Uganda and the Criminalization of Homosexuality
Make no mistake about it – the situation for queer people in Uganda is very, very dire.
Currently, gay sex is criminalized in Uganda, with a maximum sentence of life in prison as punishment. In March, an anti-homosexuality conference was held, attracting attention and attendees from across the globe (I’ll explain this in more detail later in the post). In April, the newspaper The Red Pepper began publishing lists of out gay people, including their names, occupations, and HIV status, as well as photographs of the individuals themselves. Now, the Ugandan Parliament is considering a petition to make the already existing laws against homosexuality even harsher. In essence, being gay, in and of itself, or supporting gay people, would be illegal.
What makes this new wave of institutionalized homophobia particularly worrisome? The degree to which conservative Americans are participating in it.
Back to the conference in March. The conference was organized by the Ugandan-based NGO, Family Life Network. Three of the speakers at the conference – Scott Lively, Caleb Lee Brundidge, and Exodus International Board member Don Schmierer – are American conservative Christians affiliated with the “ex-gay” movement – that is to say, they believe that gays and lesbians can “change” their sexual orientation and become heterosexual. What’s more, the Ugandans who want to criminalize homosexuality are now using the conference as ammunition for their cause. George Oundo, Uganda’s leading “ex-gay” spokesperson, is participating in press conferences throughout the country where he discusses the “recruitment” techniques of the LGBT community. That language is nothing but a scare tactic, of course, but it’s working to raise support for the new anti-gay legislation. And I can’t help but feel that the participation that Americans have had in this debacle is part of the reason why this ultra-conservative legislation is receiving so much support. And that’s dangerous, because such legislation flies in the face of everything the United States was founded on.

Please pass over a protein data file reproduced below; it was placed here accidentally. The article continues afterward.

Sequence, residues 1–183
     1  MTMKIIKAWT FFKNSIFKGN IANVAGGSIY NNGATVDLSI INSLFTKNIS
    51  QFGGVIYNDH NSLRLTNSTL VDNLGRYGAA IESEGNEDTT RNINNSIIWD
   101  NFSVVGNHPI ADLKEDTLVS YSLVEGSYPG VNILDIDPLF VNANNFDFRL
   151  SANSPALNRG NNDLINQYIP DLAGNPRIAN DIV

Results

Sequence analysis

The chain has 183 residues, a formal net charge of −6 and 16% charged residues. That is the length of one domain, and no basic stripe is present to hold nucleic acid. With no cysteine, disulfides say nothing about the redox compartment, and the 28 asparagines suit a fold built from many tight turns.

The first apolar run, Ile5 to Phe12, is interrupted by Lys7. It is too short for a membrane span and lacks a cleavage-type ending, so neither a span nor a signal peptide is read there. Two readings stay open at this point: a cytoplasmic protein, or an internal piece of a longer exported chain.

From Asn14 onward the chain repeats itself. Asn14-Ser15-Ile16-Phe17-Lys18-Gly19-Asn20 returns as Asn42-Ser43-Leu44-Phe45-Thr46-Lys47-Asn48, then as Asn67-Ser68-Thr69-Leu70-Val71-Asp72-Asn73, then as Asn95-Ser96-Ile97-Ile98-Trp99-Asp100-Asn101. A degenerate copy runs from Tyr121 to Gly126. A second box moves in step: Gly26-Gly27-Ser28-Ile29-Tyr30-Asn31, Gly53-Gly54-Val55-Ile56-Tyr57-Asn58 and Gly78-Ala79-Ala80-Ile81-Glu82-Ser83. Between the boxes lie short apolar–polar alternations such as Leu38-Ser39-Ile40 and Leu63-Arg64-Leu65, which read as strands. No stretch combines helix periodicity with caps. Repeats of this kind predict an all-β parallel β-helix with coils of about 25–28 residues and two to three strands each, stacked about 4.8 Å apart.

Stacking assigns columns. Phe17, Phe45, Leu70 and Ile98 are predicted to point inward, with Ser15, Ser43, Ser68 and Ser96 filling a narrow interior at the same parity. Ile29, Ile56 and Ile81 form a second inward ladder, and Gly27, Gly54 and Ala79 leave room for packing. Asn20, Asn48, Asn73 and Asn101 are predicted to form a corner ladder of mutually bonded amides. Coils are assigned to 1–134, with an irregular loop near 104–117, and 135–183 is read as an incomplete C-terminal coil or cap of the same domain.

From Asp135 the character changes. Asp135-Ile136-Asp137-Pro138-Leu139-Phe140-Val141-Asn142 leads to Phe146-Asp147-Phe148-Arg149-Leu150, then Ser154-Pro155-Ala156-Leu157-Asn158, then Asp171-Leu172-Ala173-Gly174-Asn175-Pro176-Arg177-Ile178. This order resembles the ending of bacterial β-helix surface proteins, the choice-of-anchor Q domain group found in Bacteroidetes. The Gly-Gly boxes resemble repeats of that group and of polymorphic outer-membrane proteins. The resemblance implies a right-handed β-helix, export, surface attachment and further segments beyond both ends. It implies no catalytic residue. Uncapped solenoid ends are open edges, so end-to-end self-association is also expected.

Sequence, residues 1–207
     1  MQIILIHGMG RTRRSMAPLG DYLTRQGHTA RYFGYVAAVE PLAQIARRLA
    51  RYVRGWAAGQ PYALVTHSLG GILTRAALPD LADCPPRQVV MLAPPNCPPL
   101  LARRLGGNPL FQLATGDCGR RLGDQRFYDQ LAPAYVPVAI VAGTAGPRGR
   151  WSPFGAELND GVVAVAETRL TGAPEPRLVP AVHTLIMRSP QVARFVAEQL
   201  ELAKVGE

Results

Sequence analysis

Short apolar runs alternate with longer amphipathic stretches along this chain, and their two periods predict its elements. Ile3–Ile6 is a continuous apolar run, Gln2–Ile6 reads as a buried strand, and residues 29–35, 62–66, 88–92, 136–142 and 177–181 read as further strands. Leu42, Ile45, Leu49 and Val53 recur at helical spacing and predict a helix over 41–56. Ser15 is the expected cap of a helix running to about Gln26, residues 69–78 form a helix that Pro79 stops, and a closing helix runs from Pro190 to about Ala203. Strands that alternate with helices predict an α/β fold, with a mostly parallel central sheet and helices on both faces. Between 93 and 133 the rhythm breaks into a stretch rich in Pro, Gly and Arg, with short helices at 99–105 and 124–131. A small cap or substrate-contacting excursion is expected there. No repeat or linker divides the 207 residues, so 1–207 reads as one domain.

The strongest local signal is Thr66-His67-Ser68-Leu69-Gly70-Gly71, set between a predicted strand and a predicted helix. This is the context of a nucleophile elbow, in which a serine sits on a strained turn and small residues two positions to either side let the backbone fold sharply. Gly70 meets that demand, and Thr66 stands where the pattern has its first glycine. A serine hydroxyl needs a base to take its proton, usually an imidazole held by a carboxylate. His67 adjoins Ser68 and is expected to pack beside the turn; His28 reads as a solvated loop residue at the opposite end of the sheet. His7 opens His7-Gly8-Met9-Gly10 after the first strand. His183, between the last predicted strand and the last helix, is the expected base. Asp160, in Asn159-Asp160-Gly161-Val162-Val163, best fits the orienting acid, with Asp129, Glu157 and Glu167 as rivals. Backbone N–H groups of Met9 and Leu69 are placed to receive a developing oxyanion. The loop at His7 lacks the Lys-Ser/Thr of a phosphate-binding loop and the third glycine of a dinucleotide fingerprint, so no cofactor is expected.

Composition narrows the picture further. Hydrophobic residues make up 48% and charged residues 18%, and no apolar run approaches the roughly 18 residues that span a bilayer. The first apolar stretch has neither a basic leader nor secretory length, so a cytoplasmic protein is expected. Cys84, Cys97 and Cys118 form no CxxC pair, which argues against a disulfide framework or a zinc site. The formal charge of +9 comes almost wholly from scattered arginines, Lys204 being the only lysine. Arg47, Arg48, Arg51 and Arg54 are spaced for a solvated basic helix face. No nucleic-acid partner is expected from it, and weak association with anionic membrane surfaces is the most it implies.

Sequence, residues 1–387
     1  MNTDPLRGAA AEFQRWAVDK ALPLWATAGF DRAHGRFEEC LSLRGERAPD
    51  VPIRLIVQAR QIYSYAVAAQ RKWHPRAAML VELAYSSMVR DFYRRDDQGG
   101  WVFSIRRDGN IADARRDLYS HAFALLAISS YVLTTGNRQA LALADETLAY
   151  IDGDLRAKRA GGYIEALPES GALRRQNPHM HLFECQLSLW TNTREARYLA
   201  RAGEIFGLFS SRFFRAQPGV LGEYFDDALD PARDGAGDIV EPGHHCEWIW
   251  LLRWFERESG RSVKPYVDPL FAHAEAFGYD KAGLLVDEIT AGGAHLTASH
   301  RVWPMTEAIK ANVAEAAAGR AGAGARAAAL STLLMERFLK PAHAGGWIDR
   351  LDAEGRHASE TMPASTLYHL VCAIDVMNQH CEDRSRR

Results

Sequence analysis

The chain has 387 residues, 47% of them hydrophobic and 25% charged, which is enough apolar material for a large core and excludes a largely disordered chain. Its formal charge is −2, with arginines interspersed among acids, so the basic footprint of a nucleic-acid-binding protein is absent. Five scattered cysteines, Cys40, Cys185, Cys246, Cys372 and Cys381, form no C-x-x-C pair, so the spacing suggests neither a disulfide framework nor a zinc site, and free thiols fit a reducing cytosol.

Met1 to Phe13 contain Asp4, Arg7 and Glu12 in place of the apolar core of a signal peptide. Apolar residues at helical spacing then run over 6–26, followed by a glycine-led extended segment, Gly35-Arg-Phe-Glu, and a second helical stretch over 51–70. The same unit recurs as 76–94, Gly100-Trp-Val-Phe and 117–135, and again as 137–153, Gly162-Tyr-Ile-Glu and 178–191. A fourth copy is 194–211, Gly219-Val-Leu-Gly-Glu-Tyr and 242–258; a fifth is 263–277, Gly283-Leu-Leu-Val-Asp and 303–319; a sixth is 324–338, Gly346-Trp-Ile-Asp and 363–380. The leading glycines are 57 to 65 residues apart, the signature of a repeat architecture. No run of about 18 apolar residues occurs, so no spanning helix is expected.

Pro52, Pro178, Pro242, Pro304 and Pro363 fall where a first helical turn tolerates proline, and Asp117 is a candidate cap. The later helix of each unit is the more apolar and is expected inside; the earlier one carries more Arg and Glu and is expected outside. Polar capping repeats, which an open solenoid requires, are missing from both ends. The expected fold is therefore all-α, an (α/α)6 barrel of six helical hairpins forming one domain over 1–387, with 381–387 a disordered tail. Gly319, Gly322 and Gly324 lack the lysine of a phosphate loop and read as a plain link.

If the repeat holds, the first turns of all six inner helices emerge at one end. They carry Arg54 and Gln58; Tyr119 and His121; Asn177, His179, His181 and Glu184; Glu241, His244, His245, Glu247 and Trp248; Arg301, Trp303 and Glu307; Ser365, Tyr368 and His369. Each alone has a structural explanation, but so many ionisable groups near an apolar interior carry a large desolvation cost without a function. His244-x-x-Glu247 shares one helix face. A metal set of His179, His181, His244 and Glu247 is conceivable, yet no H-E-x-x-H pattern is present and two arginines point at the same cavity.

My impression is that Exodus had no position on such things, or if there was a position, it was that homosexuality should not be considered a crime. For a change, I agree with Ex-Gay Watch that it sends the wrong message for these people to go where the agenda is not simply congruence with religious teaching but also on state intervention in private behavior.
Throckmorton hits the nail on the head. This is not about individuals choosing for themselves how to live their lives. It’s not about certain groups of people advocating “ex-gay” philosophies from their own pulpits. No. This is about an extreme, moral, religious judgment being used to legislate behavior and identity. And for that action to be condoned by American Christians is wrong. We live in a country founded on freedom. To then go to other countries and essentially advocate for the elimination of the freedom of others could not be more hypocritical and morally reprehensible.
I don’t believe in intervening in situations that undermine the strength and sovereignty of the population in question. So, the best we can do right now, I believe, is talk about this issue. I haven’t read much mainstream media talking about this issue. So it’s up to us to educate ourselves and make it clear to the LGBT Ugandans that, when they ask for us, we will stand as their allies.